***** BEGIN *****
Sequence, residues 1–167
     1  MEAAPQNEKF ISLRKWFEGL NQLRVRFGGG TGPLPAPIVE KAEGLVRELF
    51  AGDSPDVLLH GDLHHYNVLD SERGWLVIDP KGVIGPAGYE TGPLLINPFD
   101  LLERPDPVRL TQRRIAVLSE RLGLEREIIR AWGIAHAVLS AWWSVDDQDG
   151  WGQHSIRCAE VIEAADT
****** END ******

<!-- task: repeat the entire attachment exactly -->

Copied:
Sequence, residues 1–167
     1  MEAAPQNEKF ISLRKWFEGL NQLRVRFGGG TGPLPAPIVE KAEGLVRELF
    51  AGDSPDVLLH GDLHHYNVLD SERGWLVIDP KGVIGPAGYE TGPLLINPFD
   101  LLERPDPVRL TQRRIAVLSE RLGLEREIIR AWGIAHAVLS AWWSVDDQDG
   151  WGQHSIRCAE VIEAADT